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Taxation and competition policy

17 February 2014   (0 Comments)
Posted by: Author: OECD
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Author: OECD

Moving towards a higher standard of transparency

Our fight against tax evasion goes back a long time. But since 2009, with the establishment of our Global Forum on Transparency and Exchange of Tax Information, we have successfully levelled the playing field by preventing countries from competing on the basis of lack of transparency.

Following a call from the G20 Leaders, we are now developing a standardised, secure and cost effective model of automatic exchange of tax information, which will allow Governments to strengthen their position in the fight against tax fraud and offshore tax evasion by individuals. Stay tuned as in a couple of days we will be making an announcement on the progress we have made in this field.

BEPS and harmful tax competition

But tax evasion is only part of the battle we are fighting. Countries are under enormous pressure to provide competitive regulatory and tax environments to promote growth and prosperity. Preferential regimes continue to be a pressing issue, but there is increased recognition that acting together will reinforce rather than weaken each country’s sovereign tax policies. Countries have long accepted that they should set limits and that they should not engage in harmful tax practices.

What is at stake here is the integrity of the corporate income tax. Tax policy is of course at the core of national sovereignty. Each country is free to devise its corporate tax system in the way it considers most appropriate. However, in a globalised world where economies are increasingly integrated, domestic tax systems designed in isolation are often not aligned with each other. This may result in double taxation or in double non-taxation – one of the root causes of BEPS.

BEPS distorts competition between multinational and domestic businesses

BEPS practices fundamentally distort competition, leading to higher effective tax rates for companies that operate within national borders than for MNEs. Competition should result in the most efficient firm gaining market share at the expense of the least efficient, but these artificial cost advantages distort that, weakening the vigour – and the benefits – of market competition.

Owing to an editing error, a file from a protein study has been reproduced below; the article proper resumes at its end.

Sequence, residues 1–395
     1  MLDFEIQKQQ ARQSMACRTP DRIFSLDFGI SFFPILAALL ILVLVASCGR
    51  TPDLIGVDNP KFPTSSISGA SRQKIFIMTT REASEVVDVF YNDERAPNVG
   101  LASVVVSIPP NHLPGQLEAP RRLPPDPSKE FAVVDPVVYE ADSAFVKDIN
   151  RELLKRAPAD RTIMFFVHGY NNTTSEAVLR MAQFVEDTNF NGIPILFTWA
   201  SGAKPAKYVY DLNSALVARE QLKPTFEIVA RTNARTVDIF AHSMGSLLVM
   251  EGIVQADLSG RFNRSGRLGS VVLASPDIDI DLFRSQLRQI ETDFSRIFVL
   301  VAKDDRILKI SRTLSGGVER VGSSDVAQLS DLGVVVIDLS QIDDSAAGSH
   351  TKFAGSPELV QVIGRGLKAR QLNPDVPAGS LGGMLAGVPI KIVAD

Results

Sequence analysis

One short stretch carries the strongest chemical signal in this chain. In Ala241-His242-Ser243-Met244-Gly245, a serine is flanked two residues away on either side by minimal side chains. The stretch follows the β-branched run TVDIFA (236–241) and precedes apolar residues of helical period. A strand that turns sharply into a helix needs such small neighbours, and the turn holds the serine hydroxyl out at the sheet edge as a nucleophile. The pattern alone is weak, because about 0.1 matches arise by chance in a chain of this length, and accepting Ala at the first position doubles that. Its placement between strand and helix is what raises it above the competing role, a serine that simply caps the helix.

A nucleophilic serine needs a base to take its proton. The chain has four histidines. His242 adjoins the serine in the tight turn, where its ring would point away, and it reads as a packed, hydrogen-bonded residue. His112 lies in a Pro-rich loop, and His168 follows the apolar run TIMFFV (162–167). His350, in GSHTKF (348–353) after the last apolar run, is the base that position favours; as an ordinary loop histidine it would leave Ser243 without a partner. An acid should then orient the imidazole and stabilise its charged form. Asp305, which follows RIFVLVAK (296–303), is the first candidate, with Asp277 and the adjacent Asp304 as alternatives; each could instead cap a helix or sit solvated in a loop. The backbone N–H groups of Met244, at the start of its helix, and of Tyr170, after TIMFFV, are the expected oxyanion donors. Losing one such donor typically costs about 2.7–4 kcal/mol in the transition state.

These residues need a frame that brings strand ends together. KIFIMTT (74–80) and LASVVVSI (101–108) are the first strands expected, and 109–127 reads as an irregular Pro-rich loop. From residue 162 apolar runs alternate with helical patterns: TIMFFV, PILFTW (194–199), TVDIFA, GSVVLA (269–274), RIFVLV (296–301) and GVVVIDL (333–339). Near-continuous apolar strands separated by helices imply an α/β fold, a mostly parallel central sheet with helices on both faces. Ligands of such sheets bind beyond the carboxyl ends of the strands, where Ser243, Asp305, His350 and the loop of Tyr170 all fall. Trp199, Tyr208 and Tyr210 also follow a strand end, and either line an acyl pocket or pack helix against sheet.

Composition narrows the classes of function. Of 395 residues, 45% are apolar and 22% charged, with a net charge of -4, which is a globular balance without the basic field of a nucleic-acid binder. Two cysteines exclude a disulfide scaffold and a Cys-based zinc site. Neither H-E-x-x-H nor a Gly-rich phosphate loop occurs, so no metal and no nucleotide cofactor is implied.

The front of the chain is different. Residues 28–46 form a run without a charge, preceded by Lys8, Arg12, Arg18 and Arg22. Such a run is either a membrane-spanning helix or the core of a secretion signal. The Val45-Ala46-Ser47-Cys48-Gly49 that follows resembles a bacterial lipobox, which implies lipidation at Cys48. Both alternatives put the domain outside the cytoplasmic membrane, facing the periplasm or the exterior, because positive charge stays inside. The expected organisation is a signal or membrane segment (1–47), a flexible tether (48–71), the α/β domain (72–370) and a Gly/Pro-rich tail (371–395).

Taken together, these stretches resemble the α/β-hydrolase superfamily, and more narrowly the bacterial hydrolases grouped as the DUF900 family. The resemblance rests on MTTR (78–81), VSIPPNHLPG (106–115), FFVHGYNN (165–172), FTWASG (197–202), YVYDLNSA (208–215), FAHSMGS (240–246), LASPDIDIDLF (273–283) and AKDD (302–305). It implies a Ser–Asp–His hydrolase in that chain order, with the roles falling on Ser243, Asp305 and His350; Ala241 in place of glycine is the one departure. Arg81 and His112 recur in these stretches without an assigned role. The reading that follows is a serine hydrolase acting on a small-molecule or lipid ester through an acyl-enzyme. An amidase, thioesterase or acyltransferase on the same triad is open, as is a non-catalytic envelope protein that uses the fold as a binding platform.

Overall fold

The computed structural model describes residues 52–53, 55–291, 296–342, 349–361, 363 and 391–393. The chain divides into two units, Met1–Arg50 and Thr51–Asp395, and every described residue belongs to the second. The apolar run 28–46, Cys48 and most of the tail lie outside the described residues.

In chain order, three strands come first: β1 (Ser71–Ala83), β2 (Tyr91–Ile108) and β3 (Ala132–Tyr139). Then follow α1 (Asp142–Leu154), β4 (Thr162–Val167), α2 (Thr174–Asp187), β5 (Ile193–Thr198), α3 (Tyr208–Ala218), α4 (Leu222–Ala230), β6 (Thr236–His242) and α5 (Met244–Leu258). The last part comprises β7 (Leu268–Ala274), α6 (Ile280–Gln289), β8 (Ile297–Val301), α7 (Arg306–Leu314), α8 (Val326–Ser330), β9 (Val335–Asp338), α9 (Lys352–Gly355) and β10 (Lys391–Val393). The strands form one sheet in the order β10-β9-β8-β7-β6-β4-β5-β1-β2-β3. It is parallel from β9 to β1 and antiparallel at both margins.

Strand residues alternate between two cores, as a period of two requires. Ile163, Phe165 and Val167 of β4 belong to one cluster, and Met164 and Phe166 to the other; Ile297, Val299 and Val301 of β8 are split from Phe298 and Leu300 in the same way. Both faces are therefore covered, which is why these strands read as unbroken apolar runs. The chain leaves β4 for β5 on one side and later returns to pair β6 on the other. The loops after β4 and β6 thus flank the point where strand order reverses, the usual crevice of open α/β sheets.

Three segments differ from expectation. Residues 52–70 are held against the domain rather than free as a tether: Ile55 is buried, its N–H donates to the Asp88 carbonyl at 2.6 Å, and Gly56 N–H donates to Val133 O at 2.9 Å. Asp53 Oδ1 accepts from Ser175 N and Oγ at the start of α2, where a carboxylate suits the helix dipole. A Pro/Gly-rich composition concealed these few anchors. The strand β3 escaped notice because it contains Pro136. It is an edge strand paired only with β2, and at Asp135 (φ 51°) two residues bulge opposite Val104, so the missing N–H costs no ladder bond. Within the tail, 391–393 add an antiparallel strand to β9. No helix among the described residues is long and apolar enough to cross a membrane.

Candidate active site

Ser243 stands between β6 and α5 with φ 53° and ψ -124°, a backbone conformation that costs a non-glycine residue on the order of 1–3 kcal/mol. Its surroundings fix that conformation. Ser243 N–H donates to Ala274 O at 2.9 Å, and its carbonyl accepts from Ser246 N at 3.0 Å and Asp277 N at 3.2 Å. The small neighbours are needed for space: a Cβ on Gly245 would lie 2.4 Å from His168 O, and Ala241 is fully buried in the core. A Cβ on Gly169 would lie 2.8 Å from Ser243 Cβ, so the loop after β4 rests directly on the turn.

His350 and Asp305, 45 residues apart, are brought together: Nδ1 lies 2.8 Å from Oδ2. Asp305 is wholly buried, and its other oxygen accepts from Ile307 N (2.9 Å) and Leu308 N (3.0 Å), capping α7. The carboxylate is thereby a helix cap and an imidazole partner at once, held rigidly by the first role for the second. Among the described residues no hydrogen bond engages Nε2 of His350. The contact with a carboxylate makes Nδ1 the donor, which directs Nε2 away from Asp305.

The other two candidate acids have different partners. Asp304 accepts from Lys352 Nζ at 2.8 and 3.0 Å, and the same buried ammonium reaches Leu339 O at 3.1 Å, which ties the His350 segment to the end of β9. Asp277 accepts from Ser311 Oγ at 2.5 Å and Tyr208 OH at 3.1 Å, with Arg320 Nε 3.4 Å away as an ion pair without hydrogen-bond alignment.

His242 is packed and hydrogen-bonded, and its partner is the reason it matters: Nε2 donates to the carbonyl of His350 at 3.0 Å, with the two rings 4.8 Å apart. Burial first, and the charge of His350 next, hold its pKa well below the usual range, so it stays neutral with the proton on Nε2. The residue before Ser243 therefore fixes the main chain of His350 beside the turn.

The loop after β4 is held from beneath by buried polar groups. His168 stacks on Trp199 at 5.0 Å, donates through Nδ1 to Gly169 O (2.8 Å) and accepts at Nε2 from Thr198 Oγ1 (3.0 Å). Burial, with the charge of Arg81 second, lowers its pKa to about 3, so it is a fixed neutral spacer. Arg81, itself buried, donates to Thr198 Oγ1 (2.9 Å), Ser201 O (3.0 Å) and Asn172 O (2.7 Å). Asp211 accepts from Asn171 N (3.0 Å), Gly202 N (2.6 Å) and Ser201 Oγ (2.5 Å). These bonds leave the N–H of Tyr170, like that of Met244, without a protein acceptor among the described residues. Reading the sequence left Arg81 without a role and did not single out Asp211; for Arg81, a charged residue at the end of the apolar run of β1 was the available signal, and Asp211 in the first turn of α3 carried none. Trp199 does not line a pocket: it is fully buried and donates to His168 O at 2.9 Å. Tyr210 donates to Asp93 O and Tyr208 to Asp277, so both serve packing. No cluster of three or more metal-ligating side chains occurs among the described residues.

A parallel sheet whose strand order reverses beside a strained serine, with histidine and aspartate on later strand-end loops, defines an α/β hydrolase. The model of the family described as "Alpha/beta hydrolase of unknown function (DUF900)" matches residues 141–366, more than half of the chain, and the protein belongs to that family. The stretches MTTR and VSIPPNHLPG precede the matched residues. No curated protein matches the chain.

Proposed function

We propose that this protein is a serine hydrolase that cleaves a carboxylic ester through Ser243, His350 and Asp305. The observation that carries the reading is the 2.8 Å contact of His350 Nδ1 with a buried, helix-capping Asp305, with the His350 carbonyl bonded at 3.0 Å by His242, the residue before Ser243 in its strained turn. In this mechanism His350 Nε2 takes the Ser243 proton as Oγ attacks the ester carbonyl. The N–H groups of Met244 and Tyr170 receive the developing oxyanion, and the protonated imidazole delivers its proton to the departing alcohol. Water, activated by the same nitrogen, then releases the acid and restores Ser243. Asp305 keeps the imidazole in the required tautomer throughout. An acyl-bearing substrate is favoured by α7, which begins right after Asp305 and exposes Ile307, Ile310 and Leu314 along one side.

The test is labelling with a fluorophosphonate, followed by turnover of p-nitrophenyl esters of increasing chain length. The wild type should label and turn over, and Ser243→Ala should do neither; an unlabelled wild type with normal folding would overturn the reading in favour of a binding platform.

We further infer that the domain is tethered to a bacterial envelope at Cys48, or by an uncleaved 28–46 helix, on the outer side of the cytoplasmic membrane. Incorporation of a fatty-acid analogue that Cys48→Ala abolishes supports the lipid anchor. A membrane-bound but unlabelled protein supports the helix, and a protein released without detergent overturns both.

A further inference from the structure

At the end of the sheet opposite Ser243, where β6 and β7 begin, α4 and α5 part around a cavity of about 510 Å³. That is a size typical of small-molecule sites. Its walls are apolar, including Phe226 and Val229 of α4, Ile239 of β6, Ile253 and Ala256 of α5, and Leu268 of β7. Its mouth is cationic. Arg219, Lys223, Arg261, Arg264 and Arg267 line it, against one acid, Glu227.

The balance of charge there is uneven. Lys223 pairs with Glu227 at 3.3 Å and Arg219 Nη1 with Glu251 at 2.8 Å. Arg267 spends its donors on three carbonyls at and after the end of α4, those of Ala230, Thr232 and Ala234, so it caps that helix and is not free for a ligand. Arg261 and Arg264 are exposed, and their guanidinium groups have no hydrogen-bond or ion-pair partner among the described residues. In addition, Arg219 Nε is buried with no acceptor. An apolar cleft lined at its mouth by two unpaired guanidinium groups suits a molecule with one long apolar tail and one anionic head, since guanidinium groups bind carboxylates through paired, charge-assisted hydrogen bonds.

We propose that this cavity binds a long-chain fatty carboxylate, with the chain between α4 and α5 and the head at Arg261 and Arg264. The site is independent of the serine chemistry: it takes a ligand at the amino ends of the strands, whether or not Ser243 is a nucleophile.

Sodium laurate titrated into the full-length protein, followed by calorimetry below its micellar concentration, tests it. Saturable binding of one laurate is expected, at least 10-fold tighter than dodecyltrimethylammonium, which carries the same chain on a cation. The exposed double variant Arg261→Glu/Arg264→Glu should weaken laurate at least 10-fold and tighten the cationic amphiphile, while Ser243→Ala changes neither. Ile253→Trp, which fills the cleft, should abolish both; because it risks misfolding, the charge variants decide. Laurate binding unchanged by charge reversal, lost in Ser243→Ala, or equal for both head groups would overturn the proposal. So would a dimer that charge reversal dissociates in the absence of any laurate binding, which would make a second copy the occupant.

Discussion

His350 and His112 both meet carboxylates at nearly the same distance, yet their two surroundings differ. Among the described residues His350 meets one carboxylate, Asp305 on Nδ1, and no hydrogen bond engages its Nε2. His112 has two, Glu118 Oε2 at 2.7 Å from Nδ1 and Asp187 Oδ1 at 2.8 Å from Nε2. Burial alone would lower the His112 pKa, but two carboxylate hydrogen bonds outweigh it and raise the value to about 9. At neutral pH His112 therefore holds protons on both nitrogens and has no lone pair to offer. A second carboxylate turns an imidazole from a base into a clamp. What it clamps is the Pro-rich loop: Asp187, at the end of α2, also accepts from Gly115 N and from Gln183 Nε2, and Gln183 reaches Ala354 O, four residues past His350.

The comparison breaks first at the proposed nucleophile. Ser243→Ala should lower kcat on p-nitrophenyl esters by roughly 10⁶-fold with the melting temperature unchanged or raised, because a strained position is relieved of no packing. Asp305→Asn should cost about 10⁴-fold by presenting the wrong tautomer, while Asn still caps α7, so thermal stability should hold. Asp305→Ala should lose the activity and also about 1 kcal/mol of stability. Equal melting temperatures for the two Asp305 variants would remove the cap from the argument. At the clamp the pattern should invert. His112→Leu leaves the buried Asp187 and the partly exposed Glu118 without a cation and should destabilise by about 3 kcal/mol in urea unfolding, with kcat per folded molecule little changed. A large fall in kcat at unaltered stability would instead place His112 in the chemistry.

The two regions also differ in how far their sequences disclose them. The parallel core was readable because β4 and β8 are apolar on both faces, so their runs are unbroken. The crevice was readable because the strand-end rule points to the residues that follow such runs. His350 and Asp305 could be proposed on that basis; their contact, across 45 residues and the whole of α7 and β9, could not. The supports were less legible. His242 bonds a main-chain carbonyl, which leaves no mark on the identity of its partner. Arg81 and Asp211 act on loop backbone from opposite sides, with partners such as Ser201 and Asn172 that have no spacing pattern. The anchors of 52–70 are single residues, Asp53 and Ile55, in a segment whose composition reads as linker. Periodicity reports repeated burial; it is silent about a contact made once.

As the work of the OECD has shown: less effective competition harms consumers, weakens economic growth and can badly damage incentives to innovate. We need to address BEPS to make tax policy more suitable to the more globally integrated world of the 21th century.

15 Actions to put an end to BEPS

In response to a G20 call, the OECD provided a report in February 2013 outlining the issues related to and root causes of BEPS. In July last year, we presented the G20 with an ambitious Action Plan to address BEPS in a comprehensive manner. The OECD/G20 BEPS Project has been launched with all G20 countries participating on an equal footing.

By the end of 2015, the BEPS Project will result in the most fundamental change to the international tax rules since the 1920s! The Plan will be rolled out over the coming two years and it will allow countries to draw up co-ordinated, comprehensive and transparent standards.

Specifically, the BEPS Project involves some of the following key actions:

  • First, international tax rules will be developed to address the gaps between different countries’ tax systems, while at the same time respecting the sovereignty of each country to design its own rules.